- Australian home prices have been falling for 11 months, according to data from CoreLogic.
- The group says recent out-of-cycle mortgage increases from major lenders could lead to even weaker market conditions.
- Sales volumes are low and listing levels are higher than a year ago, adding additional headwinds for price.
Australia’s housing downturn is deepening as prices fall across most parts of the country.
According to data released by CoreLogic last week, prices fell in a majority of Australia’s capital cities, and in regional areas, during August.
Combined, prices fell by 0.3% across the country, the eleventh consecutive monthly decline in a row. Over the past year, prices nationally have fallen 2% in average weighted terms.
While the current downturn has been modest by historic standards — both in terms of duration and size — there’s no shortage of forecasters out there who think there’ll be further weakness ahead.
Some even think this downturn could end up being the largest and lengthiest in Australia’s modern history.
And that was before three of Australia’s four major banks — Westpac, ANZ and CBA — joined other smaller lenders in lifting variable mortgage rates over the past couple of weeks.
Coming at the start of Spring, traditionally the busiest season for housing market activity in Australia, Cameron Kusher, research analyst at CoreLogic, thinks the latest round of out-of-cycle mortgage increases could exacerbate the weakness seen so far in 2018.
“Higher mortgage rates have already driven a slowing of demand for investors over the past year,” Kusher says.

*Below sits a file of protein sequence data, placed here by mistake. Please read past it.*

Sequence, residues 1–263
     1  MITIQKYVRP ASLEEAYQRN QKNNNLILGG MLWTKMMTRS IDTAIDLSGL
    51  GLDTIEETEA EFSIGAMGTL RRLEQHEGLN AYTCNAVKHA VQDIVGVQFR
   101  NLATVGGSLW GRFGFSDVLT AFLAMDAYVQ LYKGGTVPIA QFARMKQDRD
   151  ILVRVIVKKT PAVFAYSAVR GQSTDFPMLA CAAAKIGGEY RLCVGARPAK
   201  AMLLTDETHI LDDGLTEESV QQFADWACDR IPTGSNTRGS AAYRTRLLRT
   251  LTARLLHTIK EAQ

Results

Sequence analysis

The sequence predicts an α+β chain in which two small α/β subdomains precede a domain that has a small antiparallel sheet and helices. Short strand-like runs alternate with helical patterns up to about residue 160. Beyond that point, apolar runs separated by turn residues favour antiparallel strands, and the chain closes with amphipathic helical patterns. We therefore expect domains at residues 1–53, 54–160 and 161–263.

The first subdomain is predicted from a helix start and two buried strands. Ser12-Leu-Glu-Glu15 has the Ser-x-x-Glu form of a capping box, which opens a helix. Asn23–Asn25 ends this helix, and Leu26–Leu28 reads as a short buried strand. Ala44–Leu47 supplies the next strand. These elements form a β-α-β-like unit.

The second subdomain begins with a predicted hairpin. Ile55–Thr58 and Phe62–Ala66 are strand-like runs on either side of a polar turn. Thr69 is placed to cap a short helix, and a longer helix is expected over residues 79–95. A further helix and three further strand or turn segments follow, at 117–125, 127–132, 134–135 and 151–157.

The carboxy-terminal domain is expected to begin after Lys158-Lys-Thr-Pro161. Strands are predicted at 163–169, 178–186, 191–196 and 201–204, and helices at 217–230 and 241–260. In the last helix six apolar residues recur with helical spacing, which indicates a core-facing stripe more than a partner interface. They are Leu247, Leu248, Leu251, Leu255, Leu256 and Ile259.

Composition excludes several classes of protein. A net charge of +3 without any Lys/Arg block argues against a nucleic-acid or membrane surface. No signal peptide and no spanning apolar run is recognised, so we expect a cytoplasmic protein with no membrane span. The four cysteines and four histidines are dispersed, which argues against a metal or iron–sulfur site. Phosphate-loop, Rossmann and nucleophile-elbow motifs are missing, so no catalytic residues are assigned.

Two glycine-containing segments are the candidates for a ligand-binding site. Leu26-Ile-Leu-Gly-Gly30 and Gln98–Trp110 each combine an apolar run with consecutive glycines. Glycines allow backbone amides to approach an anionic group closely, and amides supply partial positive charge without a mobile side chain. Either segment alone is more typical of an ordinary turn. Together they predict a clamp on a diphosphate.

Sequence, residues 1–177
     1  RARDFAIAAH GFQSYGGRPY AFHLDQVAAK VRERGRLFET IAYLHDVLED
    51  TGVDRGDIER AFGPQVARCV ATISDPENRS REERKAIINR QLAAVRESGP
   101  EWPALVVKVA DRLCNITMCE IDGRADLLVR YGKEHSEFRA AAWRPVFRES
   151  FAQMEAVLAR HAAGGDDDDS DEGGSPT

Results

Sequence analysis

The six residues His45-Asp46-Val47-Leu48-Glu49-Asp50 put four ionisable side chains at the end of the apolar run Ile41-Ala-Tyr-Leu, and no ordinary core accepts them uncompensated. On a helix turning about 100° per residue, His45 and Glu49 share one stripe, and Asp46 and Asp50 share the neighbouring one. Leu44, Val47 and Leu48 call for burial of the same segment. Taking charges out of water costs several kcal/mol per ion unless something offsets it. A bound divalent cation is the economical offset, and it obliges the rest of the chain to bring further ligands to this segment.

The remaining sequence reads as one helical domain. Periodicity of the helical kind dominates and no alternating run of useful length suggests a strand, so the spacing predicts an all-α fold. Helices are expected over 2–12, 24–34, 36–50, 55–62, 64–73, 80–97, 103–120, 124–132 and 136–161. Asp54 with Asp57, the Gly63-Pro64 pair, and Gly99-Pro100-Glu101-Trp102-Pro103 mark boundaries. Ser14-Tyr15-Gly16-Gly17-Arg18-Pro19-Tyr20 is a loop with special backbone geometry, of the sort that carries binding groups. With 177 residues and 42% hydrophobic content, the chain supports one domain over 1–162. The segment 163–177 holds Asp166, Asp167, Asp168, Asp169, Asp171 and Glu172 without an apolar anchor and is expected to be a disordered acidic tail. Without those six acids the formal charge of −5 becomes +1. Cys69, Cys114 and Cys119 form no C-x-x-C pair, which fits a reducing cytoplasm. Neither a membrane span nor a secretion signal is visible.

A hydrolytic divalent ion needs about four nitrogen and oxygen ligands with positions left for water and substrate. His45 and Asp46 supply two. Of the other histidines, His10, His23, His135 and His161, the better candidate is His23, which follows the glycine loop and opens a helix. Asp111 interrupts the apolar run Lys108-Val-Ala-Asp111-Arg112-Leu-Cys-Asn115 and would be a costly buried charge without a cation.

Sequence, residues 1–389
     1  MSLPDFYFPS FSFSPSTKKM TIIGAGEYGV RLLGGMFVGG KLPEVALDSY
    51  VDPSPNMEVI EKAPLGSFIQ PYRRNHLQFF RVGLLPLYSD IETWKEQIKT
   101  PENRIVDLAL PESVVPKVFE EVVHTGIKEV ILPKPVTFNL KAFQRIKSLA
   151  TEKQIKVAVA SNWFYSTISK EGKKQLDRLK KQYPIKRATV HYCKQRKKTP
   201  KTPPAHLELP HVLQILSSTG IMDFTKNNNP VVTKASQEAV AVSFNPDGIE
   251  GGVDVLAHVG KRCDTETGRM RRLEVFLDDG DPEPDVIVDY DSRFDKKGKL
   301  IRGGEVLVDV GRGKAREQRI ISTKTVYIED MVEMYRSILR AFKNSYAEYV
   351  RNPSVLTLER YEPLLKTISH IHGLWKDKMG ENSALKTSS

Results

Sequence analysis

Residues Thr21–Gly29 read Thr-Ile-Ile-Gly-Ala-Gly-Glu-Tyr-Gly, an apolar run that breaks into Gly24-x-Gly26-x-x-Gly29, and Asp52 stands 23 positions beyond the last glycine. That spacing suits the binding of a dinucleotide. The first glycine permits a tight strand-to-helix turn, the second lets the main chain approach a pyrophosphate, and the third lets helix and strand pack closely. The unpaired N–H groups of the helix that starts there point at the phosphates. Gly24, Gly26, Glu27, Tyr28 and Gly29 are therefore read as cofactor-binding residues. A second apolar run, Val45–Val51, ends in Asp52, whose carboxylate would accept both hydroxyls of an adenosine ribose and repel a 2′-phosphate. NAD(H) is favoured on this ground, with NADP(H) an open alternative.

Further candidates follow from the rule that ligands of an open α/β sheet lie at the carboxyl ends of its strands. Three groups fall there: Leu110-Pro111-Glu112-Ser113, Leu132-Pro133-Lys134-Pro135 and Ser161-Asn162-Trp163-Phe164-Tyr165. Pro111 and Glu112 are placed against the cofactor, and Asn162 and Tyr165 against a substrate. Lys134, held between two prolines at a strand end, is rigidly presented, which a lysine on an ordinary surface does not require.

“Although the magnitude of the mortgage rate increases announced is fairly small — around 15 basis points by each lender — it is likely that the higher mortgage rates will impact on housing market sentiment.
“Furthermore it may end up further exacerbating the declines which are already occurring in Sydney, Melbourne, Perth and Darwin, and the slowing of value growth being experienced elsewhere.”
Especially at a time when the amount of property listings tend to increase.
According to data released by CoreLogic earlier this week, the number of homes listed for sale across Australia’s capital cities rose to 111,373 last week, an increase of 9% on same period a year earlier.
Much of the increase was concentrated in Sydney and Melbourne where listings rose 22.5% and 14% respectively to 27,521 and 31,870.
While new listings — defined as properties that have not been put up for sale within the past six months — has actually fallen over the past year, dipping 4.3% across the capitals, the build in total stock up for sale reflects that it is now taking longer for homes to sell.
According to analysis from Westpac Bank, sales volumes across the country now sit at lowest level in 28 years.
Based on the current pace of sales, and after seasonally adjusting the CoreLogic listings data, Westpac said it would take nearly five months to clear all outstanding stock for sale, above the historical average of four months.
Westpac found the increase was driven by a sharp lift in how long it was taking for the average apartment to sell, rather than for houses which sit around long-run averages.
“The implication is that sellers are pulling back, unwilling to test the thin market and not ‘forced’ by circumstance to do so,” said Matthew Hassan, Senior Economist at Westpac.
And that was before variable mortgage were increased by a number of major lenders.
Given the backdrop of falling prices, higher borrowing costs, and a likely increase in listings, those vendors banking on warmer weather to improve market conditions could well end up disappointed.
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